Larry Watson Talks Film Adaptations, the Modern Western, and Writerly Superstition
A Conversation with the Author of Let Him Go
Larry Watson is the author of ten novels, including Montana 1948, American Boy, and Let Him Go, which was adapted into a feature film and released in 2020. He is the recipient of the Friends of American Writers Award and the Milkweed National Fiction Prize, among other honors. His essays and reviews have appeared in the Los Angeles Times, Washington Post, Chicago Sun-Times, and elsewhere. Watson is now a Visiting Professor at Marquette University and lives in Milwaukee. His latest novel, The Lives of Edie Pritchard, an intergenerational story of the American West told through the history of one woman, was released this past summer.
Literary Hub: Your stories are notable for centering dynamic, well-drawn women who often have to deal with volatile men. Did Diane Lane’s performance as Margaret Blackledge in Let Him Go enrich your understanding of the character in any way?
Larry Watson: I found it interesting that Diane Lane’s Margaret Blackledge often used her charm and her winning smile when she needed or wanted something, information usually but occasionally something far more substantial—custody of her grandchild, for instance. But her use of that tactic, if it’s fair to call it that, didn’t seem at all manipulative or false. She had a way of seeming to allow warmth and goodness come to the fore exactly when it was what the circumstances called for. I’ve often been fascinated at how, in situations that can be adversarial, when I’m all clenched and scowling, my wife is able to smile and laugh throughout negotiations and in so doing win her case—and without making enemies. It’s a wonder to behold. The Margaret Blackledge I created for the novel probably had that ability, but I haven’t gone back to the text to verify its presence. Besides, it’s one thing to think—and hope—something is on the page and another to see it played out convincingly on the screen.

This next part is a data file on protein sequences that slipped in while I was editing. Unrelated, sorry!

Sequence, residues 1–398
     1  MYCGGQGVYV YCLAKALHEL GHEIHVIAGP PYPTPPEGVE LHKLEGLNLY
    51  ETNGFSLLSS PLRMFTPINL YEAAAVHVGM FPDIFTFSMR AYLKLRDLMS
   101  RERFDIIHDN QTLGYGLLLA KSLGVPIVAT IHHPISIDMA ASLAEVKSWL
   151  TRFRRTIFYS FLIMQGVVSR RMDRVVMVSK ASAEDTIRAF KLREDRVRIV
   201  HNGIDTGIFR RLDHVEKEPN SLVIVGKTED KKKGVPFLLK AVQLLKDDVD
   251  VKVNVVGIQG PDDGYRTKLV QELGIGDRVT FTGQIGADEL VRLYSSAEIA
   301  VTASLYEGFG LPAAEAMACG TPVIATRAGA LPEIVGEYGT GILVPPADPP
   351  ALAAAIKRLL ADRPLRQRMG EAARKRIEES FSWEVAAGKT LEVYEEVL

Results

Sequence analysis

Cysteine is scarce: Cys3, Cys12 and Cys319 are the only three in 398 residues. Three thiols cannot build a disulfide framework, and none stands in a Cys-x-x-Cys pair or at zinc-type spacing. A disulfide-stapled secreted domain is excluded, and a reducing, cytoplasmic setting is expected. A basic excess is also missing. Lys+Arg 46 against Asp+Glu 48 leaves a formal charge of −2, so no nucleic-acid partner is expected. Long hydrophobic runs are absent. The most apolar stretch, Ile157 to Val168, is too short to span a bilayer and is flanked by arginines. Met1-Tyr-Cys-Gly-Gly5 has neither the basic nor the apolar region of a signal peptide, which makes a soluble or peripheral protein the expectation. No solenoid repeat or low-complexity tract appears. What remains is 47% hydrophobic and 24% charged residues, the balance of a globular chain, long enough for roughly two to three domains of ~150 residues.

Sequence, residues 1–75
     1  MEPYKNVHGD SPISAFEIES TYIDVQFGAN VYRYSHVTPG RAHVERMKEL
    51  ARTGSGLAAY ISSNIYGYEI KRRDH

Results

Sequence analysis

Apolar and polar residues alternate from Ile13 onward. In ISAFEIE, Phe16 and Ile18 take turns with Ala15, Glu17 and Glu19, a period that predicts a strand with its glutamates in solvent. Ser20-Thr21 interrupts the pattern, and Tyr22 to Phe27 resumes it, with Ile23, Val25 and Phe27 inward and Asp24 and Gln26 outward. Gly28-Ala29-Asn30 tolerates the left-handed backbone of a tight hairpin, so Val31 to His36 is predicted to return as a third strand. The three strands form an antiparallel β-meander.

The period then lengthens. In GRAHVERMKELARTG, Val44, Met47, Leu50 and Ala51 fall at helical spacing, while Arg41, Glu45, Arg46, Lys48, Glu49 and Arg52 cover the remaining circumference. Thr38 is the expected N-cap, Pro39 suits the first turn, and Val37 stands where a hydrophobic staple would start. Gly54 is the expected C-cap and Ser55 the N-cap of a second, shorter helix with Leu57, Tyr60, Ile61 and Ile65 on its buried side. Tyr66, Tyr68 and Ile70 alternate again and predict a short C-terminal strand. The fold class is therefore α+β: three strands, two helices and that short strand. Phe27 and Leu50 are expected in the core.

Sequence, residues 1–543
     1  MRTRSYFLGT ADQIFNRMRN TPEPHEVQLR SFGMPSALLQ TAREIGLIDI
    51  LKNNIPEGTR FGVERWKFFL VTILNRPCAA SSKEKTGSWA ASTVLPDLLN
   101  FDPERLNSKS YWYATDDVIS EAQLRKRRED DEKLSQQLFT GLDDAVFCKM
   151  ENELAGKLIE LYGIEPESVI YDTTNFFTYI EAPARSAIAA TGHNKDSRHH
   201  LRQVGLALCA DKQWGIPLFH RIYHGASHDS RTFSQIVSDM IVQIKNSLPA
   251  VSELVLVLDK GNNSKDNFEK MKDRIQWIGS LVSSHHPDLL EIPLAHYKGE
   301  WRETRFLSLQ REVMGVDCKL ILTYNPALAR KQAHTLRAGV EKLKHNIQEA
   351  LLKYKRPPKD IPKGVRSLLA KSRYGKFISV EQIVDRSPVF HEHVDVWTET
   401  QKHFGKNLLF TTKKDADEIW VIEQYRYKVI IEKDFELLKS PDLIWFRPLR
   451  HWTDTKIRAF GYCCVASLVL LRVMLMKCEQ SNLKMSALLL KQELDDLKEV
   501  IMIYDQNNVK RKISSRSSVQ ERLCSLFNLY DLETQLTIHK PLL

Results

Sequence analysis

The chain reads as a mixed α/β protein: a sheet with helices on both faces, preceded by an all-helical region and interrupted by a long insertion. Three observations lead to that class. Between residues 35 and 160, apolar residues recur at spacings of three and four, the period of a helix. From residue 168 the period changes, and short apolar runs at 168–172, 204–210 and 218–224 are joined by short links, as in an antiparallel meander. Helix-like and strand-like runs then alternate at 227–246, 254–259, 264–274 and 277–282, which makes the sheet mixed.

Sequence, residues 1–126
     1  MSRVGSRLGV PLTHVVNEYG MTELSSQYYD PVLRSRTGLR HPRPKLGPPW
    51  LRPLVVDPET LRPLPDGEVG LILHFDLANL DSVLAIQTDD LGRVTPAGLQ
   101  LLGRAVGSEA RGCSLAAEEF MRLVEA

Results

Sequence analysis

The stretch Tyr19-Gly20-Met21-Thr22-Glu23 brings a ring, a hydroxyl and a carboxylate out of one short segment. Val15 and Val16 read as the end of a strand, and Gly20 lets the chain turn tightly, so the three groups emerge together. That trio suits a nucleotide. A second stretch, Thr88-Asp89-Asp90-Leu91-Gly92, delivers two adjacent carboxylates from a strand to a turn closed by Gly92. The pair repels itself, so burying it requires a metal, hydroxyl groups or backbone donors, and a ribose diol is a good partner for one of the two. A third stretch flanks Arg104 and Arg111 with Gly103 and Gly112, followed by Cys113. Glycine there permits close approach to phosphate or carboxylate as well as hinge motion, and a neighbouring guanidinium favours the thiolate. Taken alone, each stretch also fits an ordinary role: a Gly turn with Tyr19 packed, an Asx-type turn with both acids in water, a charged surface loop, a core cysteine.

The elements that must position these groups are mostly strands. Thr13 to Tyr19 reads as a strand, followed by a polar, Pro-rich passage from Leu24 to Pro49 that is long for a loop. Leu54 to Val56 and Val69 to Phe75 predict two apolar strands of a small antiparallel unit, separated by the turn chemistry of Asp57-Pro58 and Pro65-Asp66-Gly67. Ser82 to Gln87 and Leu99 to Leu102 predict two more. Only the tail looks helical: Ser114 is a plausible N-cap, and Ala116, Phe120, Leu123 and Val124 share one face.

LH: One of the notable motifs in your work is the sheriff character. What draws you to this archetype?
LW: You’re right of course, the sheriff is, after so many and such varied depictions in film and literature, an American archetype, but when I create a character who’s a sheriff I’m concentrating on how that character can play against type. Part of the reason I do that—apart from wanting my fiction to have believable characters who have the depth and complexity that types usually lack—is to be true to the sheriffs I’ve known. Specifically, my father and grandfather. Both served terms as sheriff in North Dakota. Now, I’ve not written sheriffs who are specifically modeled on either man—my sheriffs are fictional creations—but because I’ve known men who were lawmen, I’ve felt as though I have access to the character and can feel as though I’m drawing from life and not from what those movies and books and popular culture throw my way.